If you’ve spent any substantial amount of time thinking about sales, sales theory, or strategies for converting leads, you may have come across a concept called the Sales Funnel. The sales funnel is an amazing way to think about lead conversion, and following its extremely basic principles will help you visualize and conceptualize sales strategies to make returning, regular customers out of complete strangers in no time at all.
The basic precepts of the sales funnel are simple. Picture any funnel pointed downward. At the top of the funnel (the widest part), you have the population least familiar with you and your work. These folks are strangers and wouldn’t even be considered leads yet. At the bottom of the funnel (the narrow end), you’ve completed the sales cycle and converted someone who used to be a stranger into a friend and customer. This is success.
Leads traveling this narrowing passage are important for you, the business owner, as you work toward building relationships. This is what we’re going to cover.
The Breakdown of the Sales Funnel
Attraction and Engagement
The first step in the sales funnel cycle can be the most difficult. Attracting leads and engaging with them as they take their first steps toward being customers can be incredibly challenging and require casting a wide net with a marketing plan that hits as many target demographics as possible. Your goal with attraction is actually generating those leads, or discovering those individuals who are in the market for a product or service like yours.
Think of the next step like you would any romantic relationship. During an engagement, both parties have started to think about what it might be like to really make this relationship a binding, legal agreement, and the same goes for sales.
You attracted your leads’ attention, and during the engagement step you’ve successfully begun to interact with them in a big, though general, way. Leads can begin to see the real expertise side of you through your blog or social media, or they can discover your passion and knowledge as you publish opinion pieces in magazines and newspapers.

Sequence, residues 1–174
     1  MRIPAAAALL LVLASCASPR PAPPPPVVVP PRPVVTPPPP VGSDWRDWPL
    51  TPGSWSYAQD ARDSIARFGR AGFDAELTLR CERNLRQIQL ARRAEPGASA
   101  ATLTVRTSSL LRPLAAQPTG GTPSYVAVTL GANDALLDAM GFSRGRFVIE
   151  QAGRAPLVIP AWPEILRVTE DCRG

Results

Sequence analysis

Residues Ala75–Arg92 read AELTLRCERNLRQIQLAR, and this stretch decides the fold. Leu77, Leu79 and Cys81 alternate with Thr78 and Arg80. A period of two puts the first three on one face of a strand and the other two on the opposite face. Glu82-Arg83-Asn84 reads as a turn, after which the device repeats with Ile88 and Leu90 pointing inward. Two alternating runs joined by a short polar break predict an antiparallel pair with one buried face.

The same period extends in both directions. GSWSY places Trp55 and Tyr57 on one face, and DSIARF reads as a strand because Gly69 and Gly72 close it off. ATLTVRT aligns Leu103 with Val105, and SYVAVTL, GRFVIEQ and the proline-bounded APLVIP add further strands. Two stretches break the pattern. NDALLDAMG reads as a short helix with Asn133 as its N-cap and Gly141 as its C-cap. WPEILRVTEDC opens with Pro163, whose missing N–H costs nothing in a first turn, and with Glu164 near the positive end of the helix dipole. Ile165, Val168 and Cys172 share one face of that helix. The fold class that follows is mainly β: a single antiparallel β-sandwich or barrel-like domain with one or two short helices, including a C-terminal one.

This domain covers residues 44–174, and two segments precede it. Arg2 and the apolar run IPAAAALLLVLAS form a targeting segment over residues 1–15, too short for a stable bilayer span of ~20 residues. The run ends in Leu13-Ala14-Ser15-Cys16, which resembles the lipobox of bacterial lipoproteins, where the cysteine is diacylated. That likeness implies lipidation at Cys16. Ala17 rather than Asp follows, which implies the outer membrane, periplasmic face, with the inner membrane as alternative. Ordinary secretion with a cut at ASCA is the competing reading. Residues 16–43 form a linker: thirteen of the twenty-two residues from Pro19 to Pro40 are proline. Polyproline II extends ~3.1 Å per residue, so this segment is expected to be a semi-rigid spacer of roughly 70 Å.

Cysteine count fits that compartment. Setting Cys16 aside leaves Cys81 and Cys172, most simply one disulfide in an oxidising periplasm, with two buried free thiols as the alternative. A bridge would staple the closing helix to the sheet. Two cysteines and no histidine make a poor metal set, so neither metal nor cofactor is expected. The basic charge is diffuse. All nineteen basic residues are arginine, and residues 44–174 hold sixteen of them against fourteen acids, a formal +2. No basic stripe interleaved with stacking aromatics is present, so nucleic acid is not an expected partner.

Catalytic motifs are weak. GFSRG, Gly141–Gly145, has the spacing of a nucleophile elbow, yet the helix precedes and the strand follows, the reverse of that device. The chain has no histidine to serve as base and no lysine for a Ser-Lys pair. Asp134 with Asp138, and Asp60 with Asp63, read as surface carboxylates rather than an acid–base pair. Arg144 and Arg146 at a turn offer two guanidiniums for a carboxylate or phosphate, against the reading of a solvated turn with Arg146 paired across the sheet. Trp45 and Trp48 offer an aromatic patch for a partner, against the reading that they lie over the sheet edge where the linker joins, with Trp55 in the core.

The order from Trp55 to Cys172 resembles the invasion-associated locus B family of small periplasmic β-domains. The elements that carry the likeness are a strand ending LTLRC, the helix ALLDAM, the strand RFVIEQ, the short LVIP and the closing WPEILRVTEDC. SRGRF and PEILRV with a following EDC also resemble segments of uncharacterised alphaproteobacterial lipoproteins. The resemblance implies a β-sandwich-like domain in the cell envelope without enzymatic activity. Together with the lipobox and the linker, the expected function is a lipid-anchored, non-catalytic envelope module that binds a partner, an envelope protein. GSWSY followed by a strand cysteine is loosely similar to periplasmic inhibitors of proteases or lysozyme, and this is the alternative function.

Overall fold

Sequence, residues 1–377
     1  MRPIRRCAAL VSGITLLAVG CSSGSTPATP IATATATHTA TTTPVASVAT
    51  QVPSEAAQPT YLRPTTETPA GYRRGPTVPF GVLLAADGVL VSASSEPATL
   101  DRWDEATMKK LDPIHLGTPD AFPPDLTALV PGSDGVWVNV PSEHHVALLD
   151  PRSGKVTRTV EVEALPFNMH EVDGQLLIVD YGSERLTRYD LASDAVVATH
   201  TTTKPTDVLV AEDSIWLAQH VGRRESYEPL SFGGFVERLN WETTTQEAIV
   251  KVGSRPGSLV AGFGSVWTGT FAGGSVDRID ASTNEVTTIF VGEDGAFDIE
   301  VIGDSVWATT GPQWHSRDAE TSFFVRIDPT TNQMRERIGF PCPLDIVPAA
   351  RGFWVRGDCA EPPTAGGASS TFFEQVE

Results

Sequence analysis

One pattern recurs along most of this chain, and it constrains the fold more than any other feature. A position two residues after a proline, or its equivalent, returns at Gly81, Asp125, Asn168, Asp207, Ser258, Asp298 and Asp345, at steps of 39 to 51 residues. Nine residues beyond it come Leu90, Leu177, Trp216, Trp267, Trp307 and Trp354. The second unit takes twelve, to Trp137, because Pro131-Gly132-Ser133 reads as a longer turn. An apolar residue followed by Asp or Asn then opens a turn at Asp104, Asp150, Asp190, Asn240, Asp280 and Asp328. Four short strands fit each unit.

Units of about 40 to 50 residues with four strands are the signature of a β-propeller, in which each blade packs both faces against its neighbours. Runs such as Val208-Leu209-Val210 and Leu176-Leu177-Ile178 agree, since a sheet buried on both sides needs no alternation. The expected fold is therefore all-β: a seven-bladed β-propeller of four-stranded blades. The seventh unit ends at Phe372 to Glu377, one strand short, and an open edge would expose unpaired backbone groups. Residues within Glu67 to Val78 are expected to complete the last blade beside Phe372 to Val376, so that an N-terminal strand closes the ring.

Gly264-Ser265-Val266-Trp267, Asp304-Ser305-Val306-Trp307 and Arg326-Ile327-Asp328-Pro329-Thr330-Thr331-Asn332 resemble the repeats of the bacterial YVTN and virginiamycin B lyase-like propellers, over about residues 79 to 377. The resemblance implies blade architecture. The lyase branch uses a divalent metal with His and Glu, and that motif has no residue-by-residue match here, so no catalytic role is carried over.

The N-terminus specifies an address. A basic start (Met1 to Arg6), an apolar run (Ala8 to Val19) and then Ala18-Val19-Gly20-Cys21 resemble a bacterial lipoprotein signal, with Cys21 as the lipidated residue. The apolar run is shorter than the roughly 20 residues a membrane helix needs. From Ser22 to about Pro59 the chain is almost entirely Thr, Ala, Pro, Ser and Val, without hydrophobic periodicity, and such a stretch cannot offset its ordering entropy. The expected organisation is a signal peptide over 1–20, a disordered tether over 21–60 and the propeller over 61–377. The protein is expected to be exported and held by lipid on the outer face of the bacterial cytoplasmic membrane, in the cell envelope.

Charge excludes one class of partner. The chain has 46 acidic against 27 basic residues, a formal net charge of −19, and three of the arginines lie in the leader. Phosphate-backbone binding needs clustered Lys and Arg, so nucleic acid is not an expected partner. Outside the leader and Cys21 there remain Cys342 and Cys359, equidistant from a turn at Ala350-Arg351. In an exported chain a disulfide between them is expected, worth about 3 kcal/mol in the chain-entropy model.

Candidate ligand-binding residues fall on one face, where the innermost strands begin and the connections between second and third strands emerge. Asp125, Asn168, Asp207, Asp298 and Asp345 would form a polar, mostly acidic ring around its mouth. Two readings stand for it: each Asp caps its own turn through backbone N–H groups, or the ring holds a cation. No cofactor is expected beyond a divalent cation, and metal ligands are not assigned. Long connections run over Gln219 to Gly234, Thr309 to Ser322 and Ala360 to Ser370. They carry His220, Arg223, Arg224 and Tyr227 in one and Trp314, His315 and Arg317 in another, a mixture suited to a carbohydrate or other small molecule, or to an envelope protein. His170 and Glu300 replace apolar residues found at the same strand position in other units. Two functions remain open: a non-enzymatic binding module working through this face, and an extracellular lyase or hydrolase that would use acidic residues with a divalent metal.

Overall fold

Either way, engagement involves more than general information about who you are and what you do, and really focuses in on why a lead might choose to do business with you over a competitor.
Nurturing Those Leads
Nurturing a lead is where the funnel really starts to narrow. This is where the engagement part, in which your leads start to get curious about you, really gets deeper.
If you think about the nurturing step of the sales funnel in terms of social media, this is where you might start answering questions or talking to potential customers on Twitter. Direct messages on Facebook can point leads toward content on your site that might be of particular interest to them. Things like that.
The other side of nurturing, as in any relationship, is the subtle, gentle realization that you’re not conducting this business or generating this content of your own free will; you’re doing this because this is your passion, your lifeblood, and your bread-and-butter. During the nurturing process your leads should become potential customers, and should be as aware as possible that they should be doing business with you.
Nurturing is where it starts to get personal, emotional, and exciting.
Sell and Keep Selling
Now really, if you’ve been in business for any length of time, this word will have significance to you: closing. As the sales funnel narrows even more, we progress to the point at which you’ve begun to develop a relationship with a potential customer.
It’s clear now that you’ve invested your time and energy into building a rapport, displaying your expertise, and generating value for your leads even before they make a sale. However, you do close and make a sale, whether that be with a direct request to make a purchase or sign a contract, or a subtle redirect to a sales page, the trust and understanding are there and have built gradually over the attraction to your business, engagement with meaningful content, and nurturing through the early stages of the sales relationship.
Once you’ve successfully traversed the funnel this far, your potential customers shouldn’t even be considering that your competitors may be an option for them. This is the power of creating value and adding something real to people’s lives. You’re selling them more than a product or service; it’s a relationship.
And again, just like any other relationship, there’s work still to be done even after the sale is made. The final part of the funnel, taking you through to the other side, is really never ending. You’ve built trust and closed the sale, but you can’t take advantage of that relationship you’ve built. You have to keep nurturing, responding to your customer’s needs, and engaging with them to ensure that other competitors traversing the sales funnel aren’t as successful as you.
The sales funnel might sound like a foreign or a formalized sales concept, but at its heart, it’s just a way to visualize what you already know as a sales professional: to move a lead from stranger status all the way through to regular customer, it’s all about the relationship and emotional investment.